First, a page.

In an adventure which raises the question, not unlike the epochal who are the Dutch, of who are the Austrians, as in, are they lovers of Germanic rules and precision or are they more complicated souls opposing the system from within, the country’s smoking regulations have been adhered to somewhat rhapsodically by bars and restaurants. While smoking is prohibited in most public places, bars and restaurants can have smoking areas, as long as they are rigorously delimited, but more than often they were not, and smoke wafted freely through the rooms like the spirit of a djinn. These happy times of Brussels spiting were to come to an end in May 2018, but the newly elected, and disconcertingly right leaning government scraped the law proposal, in the name of freedom. Oh Austria, both wondrous and scary.
A particular trait of Drechsler waiters is that they are incredibly, almost ridiculously polite, smiling away at rotten Gernglish orders, translating coffee types on the spot from inept ramblings to correct Viennese categories, welcoming dogs with a pat on the head and a plate of water.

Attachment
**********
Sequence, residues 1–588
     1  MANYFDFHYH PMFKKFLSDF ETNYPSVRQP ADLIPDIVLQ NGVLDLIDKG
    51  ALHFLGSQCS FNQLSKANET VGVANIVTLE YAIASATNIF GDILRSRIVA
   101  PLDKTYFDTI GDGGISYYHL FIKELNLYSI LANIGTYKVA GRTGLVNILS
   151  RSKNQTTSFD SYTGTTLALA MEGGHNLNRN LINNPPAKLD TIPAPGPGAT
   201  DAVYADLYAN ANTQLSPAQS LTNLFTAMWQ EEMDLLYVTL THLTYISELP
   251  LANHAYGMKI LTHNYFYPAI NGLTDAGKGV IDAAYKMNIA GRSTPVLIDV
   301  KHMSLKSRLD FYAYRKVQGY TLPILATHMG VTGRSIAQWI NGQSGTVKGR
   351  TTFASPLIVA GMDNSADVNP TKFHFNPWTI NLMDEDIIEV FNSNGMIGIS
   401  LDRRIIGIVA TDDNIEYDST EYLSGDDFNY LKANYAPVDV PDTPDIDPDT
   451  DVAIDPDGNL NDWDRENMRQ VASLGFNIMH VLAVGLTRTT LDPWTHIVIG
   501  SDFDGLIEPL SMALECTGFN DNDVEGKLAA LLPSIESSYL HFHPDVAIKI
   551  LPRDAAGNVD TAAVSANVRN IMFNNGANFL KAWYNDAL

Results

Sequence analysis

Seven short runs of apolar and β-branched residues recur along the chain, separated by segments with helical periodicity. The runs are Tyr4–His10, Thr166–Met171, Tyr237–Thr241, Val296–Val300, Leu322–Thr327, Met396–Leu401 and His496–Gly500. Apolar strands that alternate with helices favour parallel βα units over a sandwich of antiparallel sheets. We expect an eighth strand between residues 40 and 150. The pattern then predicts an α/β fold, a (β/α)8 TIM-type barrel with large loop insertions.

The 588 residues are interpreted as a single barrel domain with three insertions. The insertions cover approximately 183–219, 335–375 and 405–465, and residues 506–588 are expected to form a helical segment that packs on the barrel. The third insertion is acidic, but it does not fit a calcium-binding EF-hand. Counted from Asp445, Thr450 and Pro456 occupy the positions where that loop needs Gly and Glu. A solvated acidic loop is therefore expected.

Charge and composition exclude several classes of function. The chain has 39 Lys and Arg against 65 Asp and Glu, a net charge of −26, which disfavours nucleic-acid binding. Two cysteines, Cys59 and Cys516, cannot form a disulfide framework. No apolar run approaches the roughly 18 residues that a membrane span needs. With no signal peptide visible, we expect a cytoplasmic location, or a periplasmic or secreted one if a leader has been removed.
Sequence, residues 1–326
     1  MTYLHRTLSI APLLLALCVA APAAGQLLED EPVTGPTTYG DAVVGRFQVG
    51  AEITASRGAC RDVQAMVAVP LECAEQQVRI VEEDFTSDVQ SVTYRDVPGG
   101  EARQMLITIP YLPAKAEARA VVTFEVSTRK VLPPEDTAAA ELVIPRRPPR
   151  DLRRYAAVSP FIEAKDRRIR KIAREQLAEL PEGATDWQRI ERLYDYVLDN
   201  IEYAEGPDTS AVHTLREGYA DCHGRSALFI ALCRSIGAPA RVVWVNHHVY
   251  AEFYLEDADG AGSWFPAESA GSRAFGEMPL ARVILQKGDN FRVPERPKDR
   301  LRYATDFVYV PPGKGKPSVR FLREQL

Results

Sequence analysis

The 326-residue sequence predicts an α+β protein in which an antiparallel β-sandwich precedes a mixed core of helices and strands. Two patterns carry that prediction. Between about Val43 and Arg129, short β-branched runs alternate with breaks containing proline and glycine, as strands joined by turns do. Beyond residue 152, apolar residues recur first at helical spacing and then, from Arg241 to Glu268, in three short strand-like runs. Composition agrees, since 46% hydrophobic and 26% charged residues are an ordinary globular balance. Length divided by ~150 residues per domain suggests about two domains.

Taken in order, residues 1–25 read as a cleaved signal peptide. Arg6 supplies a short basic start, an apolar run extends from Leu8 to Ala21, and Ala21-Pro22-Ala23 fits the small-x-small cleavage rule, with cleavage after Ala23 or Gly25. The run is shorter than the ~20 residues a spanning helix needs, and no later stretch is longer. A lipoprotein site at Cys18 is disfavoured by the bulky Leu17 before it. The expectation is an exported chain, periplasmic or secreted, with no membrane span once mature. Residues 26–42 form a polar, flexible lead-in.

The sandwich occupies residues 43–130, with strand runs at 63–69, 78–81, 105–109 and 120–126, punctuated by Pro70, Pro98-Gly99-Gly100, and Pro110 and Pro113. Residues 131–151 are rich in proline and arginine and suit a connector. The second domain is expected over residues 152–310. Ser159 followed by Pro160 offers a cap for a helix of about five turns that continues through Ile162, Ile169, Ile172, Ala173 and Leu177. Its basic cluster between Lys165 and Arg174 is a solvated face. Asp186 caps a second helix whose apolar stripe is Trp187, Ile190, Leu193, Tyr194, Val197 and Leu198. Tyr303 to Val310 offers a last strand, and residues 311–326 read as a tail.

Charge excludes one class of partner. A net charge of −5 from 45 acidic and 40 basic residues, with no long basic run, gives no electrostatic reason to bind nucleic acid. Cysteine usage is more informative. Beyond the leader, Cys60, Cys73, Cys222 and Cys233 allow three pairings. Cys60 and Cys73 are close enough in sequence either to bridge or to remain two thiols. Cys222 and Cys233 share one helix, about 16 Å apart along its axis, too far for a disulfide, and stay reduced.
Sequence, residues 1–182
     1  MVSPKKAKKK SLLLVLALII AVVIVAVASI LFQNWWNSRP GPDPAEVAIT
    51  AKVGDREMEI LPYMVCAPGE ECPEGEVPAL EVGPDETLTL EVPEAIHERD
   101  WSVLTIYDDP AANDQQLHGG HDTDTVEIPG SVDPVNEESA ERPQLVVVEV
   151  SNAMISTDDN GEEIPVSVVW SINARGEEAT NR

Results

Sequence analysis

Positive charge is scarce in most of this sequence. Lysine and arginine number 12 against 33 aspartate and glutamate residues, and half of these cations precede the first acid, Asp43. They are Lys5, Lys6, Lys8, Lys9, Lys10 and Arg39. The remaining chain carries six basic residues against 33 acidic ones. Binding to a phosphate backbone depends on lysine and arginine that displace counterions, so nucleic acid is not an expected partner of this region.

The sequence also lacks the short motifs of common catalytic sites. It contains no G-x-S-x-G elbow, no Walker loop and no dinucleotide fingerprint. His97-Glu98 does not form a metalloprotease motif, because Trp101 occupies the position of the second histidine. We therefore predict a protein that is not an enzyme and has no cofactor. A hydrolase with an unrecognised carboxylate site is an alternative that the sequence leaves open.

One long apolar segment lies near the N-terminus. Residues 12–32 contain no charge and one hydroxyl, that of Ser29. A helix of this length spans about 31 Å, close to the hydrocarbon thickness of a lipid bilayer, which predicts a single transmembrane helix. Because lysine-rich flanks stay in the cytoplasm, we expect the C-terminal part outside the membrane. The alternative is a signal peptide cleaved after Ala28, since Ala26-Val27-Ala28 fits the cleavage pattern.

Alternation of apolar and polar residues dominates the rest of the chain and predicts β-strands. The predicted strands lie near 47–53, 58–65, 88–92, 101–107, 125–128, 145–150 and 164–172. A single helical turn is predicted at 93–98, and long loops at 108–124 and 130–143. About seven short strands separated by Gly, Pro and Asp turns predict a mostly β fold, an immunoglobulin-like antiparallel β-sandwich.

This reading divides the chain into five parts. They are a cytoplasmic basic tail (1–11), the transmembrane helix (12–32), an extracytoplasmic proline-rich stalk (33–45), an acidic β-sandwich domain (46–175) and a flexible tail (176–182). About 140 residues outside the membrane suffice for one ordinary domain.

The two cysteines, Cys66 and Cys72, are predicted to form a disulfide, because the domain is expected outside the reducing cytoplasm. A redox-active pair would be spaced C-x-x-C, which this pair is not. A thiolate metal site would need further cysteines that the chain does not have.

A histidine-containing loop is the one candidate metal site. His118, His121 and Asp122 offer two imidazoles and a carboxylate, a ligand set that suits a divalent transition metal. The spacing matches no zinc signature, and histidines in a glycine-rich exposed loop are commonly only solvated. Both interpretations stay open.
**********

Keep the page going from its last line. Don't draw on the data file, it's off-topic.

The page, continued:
Not so the waiters in Café Westend, who by all means, hate you and you in particular. Once you’ve made it to the premises of the coffee house lying at the top end of Mariahilfer Straße, across from the Westbahnhof, you will enter a Quixotic battle. First, to be seated. When this does not happen, and it almost never does, you decide to bravely sit somewhere. This will be finally noticed, and frowned upon by the waiters, any choice you make being the wrong one. They will thus very grudgingly give you a menu, then disappear as if they never happened. After investigating the menu and deciding upon something, which will of course be frowned upon, you try to place an order with your waiter, elusive as a fata morgana in the desert. At this point you will realize that the whole room is echoing with Entschuldigungs accompanied by desperate gestures beseeching eye contact. My last visit was crowned with the cinematic moment when two patrons threw a fistful of coins on the table to pay for the fizzy drinks they did get and stormed out the door, in protest about the main course they didn’t. This all might sound disturbing, but it’s high drama, it makes you feel alive, in the middle of things, and energized. Some Viennese coffee houses want you to sip your coffee and read your magazine in hedonistic and defeatist near slumber, Café Westend, on the other hand, wants you to rage against the dying of the light.